So many young women tell me that they do not want to consider a women's college. I say, "Get some information before you close that door." So many women have had wonderful experiences at women's colleges. I encourage you to attend a local presentation by representatives from five women's colleges: Barnard, Bryn Mawr, Smith, Mt. Holyoke and Wellesley. The presentation is open to students and families and will be held at Catlin Gabel School, 8825 SW Barnes Rd, on Tuesday, September 9, at 7:00pm. Find out why you might include a women's college on your list!
Here is an editorial written by two college admissions professionals. As a former high school counselor, I had the equivalent of 400 students on my caseload. I always had so much more information to offer than I had time. Here's the article.
Here is a great link that begins to show you how EXTREMELY important your supplemental essays are on the common application. Research your colleges well. What unique or rare characteristics do your colleges have that make you want to attend? Are there specific classes or combinations of classes you want to take? Is there a professor with whom you want to do research? Is the school structured in a way that matches your style? These essays are arguable the most critical part of your application. They will not admit you because you think the school has a great reputation or because it is located in a sunny climate. Read more in this Patrick O"Connor essay.
Many college counselors are not enamored of the college rankings to which families commonly refer. Their methodology is flawed to my way of thinking. Here's another ranking that asks alumni to assess programs, rather than asking folks who have never stepped on campus to evaluate the quality of a program. I am buying the book, so ask me if you would like to take a look. It's new.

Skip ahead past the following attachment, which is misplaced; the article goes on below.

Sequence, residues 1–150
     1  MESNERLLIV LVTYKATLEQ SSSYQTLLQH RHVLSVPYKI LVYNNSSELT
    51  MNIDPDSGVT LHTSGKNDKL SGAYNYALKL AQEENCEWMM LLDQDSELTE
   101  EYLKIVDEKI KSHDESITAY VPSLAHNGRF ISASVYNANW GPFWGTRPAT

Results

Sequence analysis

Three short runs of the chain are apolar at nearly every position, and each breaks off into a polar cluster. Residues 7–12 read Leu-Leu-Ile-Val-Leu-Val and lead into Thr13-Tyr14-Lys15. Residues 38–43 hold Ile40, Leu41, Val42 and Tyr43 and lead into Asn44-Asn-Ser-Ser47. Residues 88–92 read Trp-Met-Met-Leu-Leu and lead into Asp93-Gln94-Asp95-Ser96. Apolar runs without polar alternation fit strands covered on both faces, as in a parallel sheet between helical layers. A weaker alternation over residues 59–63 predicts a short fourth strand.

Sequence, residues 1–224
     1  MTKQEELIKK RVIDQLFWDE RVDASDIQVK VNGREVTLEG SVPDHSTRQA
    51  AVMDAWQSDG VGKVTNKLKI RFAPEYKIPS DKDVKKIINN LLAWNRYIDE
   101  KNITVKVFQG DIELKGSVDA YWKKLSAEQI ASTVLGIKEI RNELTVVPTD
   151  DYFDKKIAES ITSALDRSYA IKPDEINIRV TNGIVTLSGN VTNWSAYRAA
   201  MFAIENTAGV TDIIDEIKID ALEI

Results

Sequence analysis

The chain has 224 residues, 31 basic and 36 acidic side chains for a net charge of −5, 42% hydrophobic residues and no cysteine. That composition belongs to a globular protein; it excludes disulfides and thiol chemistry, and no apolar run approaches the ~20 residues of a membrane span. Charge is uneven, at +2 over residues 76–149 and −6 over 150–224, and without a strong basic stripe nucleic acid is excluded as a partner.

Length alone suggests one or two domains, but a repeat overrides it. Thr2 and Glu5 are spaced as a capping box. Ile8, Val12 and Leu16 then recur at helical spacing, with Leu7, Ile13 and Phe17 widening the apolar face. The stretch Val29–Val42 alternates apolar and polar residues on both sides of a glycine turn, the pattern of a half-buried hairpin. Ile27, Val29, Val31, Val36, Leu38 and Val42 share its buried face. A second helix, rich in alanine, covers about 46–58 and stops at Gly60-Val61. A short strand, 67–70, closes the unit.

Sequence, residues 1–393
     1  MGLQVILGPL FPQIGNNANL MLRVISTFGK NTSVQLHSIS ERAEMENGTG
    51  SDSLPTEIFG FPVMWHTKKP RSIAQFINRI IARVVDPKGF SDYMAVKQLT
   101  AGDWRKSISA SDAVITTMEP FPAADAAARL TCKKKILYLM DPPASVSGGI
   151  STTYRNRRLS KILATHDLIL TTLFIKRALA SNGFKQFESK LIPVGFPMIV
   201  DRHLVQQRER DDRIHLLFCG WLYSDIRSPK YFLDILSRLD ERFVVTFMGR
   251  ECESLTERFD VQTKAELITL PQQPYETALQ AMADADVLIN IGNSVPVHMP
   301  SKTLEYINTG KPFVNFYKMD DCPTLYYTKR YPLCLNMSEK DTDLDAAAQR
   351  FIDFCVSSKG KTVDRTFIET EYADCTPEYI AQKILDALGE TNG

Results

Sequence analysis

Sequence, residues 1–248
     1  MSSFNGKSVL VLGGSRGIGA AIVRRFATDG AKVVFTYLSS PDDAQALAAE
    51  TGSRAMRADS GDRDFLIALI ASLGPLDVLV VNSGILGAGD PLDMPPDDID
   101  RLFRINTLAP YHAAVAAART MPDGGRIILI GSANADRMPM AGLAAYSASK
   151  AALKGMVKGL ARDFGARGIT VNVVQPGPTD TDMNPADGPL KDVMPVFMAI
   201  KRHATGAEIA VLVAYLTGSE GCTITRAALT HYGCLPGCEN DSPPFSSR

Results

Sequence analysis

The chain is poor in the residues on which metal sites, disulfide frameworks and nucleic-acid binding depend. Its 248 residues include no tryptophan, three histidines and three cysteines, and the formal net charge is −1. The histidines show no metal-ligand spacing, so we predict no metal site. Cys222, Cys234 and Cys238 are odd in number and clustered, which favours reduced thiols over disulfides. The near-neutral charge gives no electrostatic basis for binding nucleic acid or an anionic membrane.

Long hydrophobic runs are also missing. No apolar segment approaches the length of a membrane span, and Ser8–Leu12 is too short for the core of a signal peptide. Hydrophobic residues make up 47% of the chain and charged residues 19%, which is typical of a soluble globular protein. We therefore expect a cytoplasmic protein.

Figuring out how to choose the best education for YOU is a significant task for high school seniors. Here are some common misperceptions, outlined on the Colleges That Change Lives (CTCL.org) website.
The forty schools on this list are not unique. There are many of these gems throughout the country. Lewis and Clark College and Linfield College are two others in this area that are great options.The important aspect of this article is to know yourself and know the right questions to ask.
Here is an article about women's colleges. There are many positive reasons to consider them. Many of the women's colleges are part of college consortiums where you can easily take classes at other colleges nearby and those students (including men) enroll in classes at your school. Check out this article.
Kathy Garrett has been a school counselor for over 30 years, and a college counselor for well over a decade.